By Sue Favor
LOS ANGELES — City and community leaders are celebrating the inclusion of funds for the first-ever Youth Development Department in the city’s proposed 2021-22 budget.
Mayor Eric Garcetti has dedicated $1.1 million toward the creation of the department that will focus on youths aged 10-25, and will provide services for counseling, job preparation skills, financial literacy, technology assistance, and in other areas that will prepare them for the future.
The proposal is a victory for City Councilwoman Monica Rodriguez, who has advocated for the creation of a department for youth since being elected in 2018. She said she was elated at the funding announcement because she recognized it as a milestone in the longer journey to achieving systemic change.
“The formal process to establish the department has still not been adopted, and I am eager to get that accomplished and funded in this upcoming budget process in the next few weeks,” Rodriguez said.
Once the council approves the budget, the first priority for the Youth Development Department will be to hire a general manager and structure the organization.
“I am eager to begin work in expanding youth leadership and employment opportunities to begin the work of addressing the trauma and impact that young people have experienced from the year of learning loss as a result of the pandemic,” Rodriguez said.
The funds will be seed money needed to create the department. Los Angeles is the only large city that doesn’t have a dedicated department and strategy for addressing youth issues, according to Lou Calanche, the executive director of Boyle Heights-based youth organization Legacy LA. For about 20 years, funds for youth have been spread out between 60 city departments with little or no coordination between them.
The Invest in Youth Coalition — a part of Legacy LA — is comprised of nonprofit educational groups, community leaders, community organizations, parents, neighborhood groups and young people from all over the city. Together, they have been urging the city to create a department for youth for the last seven years.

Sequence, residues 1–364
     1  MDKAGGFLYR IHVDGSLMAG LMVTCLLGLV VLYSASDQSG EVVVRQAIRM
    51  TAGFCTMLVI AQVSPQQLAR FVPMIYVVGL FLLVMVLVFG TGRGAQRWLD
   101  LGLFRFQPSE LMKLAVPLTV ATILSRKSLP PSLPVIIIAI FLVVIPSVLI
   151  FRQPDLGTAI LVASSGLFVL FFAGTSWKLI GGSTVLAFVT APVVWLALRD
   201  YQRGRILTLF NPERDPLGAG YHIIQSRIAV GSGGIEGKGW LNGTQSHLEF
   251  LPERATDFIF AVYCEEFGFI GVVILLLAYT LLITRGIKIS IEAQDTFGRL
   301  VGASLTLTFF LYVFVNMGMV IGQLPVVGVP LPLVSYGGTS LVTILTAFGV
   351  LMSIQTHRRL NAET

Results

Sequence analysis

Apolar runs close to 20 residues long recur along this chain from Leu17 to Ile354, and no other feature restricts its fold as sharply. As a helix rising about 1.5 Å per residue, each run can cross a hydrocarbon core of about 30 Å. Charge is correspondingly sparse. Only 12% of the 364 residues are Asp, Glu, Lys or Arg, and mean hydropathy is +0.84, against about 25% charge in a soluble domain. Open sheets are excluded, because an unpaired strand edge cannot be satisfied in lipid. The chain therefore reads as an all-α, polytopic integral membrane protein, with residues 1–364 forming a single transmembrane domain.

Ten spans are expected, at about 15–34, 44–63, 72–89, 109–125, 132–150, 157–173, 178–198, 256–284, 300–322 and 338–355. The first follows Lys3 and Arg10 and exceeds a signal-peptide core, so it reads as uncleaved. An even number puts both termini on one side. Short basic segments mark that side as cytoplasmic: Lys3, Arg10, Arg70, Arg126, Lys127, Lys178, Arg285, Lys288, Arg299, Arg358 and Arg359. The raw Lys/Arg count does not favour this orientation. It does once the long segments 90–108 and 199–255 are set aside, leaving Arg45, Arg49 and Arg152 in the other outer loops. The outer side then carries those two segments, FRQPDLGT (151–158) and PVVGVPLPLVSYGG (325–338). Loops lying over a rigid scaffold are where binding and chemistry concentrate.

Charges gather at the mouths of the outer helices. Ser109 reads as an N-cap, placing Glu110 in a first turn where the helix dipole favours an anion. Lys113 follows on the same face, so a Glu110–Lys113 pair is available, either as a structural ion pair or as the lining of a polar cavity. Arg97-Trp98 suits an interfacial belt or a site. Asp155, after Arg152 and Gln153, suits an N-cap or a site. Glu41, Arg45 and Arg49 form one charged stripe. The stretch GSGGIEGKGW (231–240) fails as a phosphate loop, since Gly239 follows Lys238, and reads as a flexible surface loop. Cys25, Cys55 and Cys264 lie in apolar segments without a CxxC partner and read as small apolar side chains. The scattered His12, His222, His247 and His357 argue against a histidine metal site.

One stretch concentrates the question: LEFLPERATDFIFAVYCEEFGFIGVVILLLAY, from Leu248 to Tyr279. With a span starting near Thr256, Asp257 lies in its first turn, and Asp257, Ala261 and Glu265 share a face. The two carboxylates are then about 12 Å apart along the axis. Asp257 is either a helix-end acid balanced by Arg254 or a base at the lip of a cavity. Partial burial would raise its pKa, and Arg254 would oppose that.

Calanche said last week’s announcement that funds will be set aside brought joy to all involved.
“I hope that this is just the beginning,” Calanche said. “We want to [see] thousands and thousands of young people that are empowered, that are employed, that have access to all the resources that they need to succeed.”
Legacy LA has recommended the city focus its youth resources on areas with higher needs, like South L.A.
“It is our hope that in the future the City will invest close to $100 million to support youth development,” Calanche said. “The priority will be the high need areas and where there is a higher concentration of youth needs. South L.A. has high poverty rates for youth and tremendous need for resources so I imagine that it will be a significant priority for the Youth Development Department.”
A high school senior and a member of the Invest in Youth Coalition who shares a name with Councilwoman Monica Rodriguez said she is ecstatic that services will come to her community.
“As someone who was born and raised in South L.A., I’ve seen so many disparities especially in the quality of education we receive and the resources provided,” Rodriguez said. “As the youth representative on the Youth Development Task Force, I had the opportunity to listen to other youth throughout Los Angeles and their stories. Hearing about the obstacles they had to overcome, especially as first-generation students, has shown the severe lack of resources for youth trying to pursue higher education.”
Rodriguez said resources will provide the assistance that young people have long needed.
“I see so much potential in what this department can offer, and I hope to see it continue to grow,” she said.
Lucy Herrera first joined Legacy LA in 2009, and now serves as the leadership program and community engagement director. She said she has stayed with the organization all these years because it offered safety and support.
“My involvement in Legacy LA made me believe in myself as a leader, and develop my skill set to later become a mentor for youth who are growing up in the same community … that I was raised in,” Herrera said.
As one of the Invest in Youth Coalition members that have been pushing for the youth department for the last seven years, she is hopeful that its new programs will help young people as she has been guided.
“We want to ensure that youth have decision making power within the department, that there is coordination when it comes to youth programming, and that every single youth living in the city of Los Angeles has the tools that they need to be successful,” Herrera said.
City officials will continue to discuss the entire budget this month.
Sue Favor is a freelance reporter for Wave Newspapers, who covers South Los Angeles. She can be reached at email@example.com.